Sunday, June 2, 2013
Truth in Fiction
Come the end of June, I can finally focus again on writing. Happy to have found representation for my DISTILALTION, this summer I will work on one of two new novels I began over the past two years and maybe come close to completing a draft. I have chosen to work on the one tentatively titled COLD SPRING FIRE, and for the past few months I have been considering what I have so far and where I want to go with it. Much of what I have been thinking about is the truths I will spin into the fiction of that story, and how that fiction will make sense out of a variety of "truths" that haunt me.
I write fiction to exorcise demons and dreams. Writing fiction is a way for me to process places and experiences from the near or recent past and to turn them in to something completely different, something that turns my impressions into a new truth. There is no one truth. All different perspectives make up a varied truth. An individual truth can never be true to anyone but the person who creates it. And a person's truth about a single experience can change over time.
In DISTILLATION, I delved into my time spent in a little town in western, Massachusetts. The events in the novel have nothing to do with my life there, but the shapes of the characters and the especially the main character's feelings, issues, and personality were spun from real life. No one in the novel portrays a real person though, and so when people ask me if they are in my novel, I can say of course, or I can say no. Both are true. Interestingly, people like to hear they are in the novel, but even more interestingly, they often miss the qualities sprinkled here and there that I actually took from what is my truth about them, because it is not the truth they see for themselves.
COLD SPRING FIRE is based on my formative years. My teenage years. I spend a lot of time with teenagers, and one of the reasons I went in to teaching was because I liked being a teenager. It was great fun. But it was also a time, as it is for all adolescents, of great insecurity, great risks, great fear, and many mistakes. The world comes at you like an onslaught. It is hard to understand why things happen as they do, or to make rational decisions about your options when you are young. Scott Fitzgerald called youth a form of chemical madness. I have to agree with this. Teenagers push the limits just to find out where the edge of the world is. Teenagers have a love affair with darkness. They want to rebel and to seek an identity all their own, but are of course shaped more than they know by the identities of their parents, even as they defy everything their parents want. And the ways in which teens often try to control their destinies and deal with their emotions appear to those on the outside as madness or destruction. Both perspectives of course are true.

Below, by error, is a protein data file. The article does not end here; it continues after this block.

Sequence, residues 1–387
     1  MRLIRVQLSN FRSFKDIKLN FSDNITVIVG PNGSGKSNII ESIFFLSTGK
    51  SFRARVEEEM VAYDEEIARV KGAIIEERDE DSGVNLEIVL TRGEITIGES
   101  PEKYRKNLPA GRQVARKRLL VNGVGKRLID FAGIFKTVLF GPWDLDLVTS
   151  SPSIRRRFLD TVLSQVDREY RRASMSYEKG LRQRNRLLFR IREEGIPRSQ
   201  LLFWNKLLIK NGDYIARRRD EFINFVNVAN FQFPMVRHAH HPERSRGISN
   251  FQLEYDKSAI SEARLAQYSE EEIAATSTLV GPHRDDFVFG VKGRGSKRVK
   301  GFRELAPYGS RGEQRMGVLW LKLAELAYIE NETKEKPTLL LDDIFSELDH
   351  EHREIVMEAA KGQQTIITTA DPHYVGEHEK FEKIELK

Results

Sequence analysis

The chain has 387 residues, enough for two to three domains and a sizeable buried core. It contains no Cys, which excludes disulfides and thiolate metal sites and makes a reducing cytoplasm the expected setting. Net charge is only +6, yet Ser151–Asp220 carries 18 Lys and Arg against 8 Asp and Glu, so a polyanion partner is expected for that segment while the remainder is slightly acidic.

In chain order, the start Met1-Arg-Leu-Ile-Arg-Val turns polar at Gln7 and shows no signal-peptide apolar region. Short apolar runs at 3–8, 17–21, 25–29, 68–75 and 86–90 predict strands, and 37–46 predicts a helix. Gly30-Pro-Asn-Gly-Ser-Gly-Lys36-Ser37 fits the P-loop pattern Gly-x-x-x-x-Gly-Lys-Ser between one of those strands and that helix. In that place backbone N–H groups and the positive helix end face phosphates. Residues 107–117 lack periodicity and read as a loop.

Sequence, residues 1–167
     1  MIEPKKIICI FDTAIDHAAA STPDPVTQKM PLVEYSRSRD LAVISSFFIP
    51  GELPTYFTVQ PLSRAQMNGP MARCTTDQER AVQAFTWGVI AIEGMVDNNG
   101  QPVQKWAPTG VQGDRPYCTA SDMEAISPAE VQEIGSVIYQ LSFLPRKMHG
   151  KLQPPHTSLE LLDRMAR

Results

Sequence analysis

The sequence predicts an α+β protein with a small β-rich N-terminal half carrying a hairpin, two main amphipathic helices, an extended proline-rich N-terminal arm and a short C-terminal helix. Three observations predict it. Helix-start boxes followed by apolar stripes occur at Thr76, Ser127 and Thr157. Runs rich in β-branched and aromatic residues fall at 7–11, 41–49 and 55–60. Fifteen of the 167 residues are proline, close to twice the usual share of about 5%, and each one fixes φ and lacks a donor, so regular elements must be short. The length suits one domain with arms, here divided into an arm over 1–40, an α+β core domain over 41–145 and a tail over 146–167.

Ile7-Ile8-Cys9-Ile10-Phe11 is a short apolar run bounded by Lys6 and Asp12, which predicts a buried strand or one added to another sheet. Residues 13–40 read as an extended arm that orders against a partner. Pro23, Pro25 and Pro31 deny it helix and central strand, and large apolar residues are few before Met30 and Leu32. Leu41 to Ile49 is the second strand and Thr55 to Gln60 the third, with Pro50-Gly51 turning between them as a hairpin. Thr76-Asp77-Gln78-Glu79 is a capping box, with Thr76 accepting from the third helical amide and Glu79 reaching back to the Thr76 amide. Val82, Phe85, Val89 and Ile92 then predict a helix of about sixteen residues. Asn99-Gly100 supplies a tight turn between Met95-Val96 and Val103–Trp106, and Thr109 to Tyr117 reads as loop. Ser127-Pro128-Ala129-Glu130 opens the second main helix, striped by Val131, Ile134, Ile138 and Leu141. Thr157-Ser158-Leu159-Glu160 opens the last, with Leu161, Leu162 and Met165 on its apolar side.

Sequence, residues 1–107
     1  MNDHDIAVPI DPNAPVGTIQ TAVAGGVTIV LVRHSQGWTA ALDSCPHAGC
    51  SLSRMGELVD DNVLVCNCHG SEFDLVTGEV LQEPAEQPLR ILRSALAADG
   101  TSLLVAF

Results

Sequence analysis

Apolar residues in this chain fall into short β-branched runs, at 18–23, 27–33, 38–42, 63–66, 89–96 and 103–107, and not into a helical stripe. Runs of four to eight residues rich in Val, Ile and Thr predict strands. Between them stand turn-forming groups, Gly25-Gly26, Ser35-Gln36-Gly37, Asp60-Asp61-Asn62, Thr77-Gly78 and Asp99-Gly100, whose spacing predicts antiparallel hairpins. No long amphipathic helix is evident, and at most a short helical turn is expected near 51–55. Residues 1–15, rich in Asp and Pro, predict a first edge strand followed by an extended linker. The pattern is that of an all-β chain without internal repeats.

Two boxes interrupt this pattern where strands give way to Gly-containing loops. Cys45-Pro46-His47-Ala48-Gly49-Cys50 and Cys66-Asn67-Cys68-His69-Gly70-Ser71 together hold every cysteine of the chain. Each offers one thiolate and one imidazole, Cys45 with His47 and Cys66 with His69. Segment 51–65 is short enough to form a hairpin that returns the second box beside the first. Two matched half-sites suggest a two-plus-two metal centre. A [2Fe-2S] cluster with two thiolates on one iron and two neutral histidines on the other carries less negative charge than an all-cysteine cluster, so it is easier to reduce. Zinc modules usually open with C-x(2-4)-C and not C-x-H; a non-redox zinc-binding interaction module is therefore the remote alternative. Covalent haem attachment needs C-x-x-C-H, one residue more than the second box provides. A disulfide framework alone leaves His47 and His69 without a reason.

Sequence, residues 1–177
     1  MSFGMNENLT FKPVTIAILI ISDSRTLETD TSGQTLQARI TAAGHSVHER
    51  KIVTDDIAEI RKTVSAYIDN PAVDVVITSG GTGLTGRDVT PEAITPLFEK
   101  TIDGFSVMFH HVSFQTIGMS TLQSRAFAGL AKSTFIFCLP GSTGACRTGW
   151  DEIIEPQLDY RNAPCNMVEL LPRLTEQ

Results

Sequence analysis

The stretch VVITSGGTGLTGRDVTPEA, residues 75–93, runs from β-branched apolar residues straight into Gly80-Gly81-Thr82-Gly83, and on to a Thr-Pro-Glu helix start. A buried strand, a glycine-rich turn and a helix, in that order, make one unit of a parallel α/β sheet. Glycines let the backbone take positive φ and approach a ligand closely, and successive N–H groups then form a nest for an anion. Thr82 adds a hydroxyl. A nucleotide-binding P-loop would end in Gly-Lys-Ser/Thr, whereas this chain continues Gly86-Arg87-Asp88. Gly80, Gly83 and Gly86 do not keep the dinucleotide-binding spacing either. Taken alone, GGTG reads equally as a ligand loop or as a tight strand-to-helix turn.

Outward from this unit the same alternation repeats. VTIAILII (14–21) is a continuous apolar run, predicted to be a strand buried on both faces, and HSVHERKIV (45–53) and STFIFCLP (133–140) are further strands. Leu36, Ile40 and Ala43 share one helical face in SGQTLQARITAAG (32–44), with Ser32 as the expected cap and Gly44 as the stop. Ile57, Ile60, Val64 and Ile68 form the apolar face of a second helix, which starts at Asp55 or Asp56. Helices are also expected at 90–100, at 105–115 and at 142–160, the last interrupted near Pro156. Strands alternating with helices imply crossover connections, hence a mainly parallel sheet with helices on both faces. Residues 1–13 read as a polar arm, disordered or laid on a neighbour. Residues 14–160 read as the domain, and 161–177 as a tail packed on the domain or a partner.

The new novel will again be about living in a small town, just as DISTILLATION was. I love the atmosphere and mystery of small towns, especially rural ones where there seems to be nothing but trees. In towns like this the school is often the center of life. There are families that come and go, and those that have been there forever. There are appearances to keep and secrets behind every neatly mown lawn.
What I look forward to most is the weaving. When I write I become entranced by a river of shining threads. They originate from my memories, my fantasies, my day to day experiences. The sound of the wind in the trees. A remembered moment passing between two people without words, spoken just with the eyes. Laughter from another room. The dry heat and cedar smell of a forest on an August afternoon. Moonlight on water, soaked with the stink of pond. A black and white photograph hiding a secret. The smell of fire in the spring.
It is like a visual, auditory, and olfactory symphony in my head and it consumes me once I really get going. It is interesting too that sound and smell play such a large part in both my memory and my writing. I am very affected by these senses, more so than most it seems at times. These are how my truths take shape. This is how I turn my truth into fiction. Or perhaps, how I turn my fiction into truth.
How do you define truth?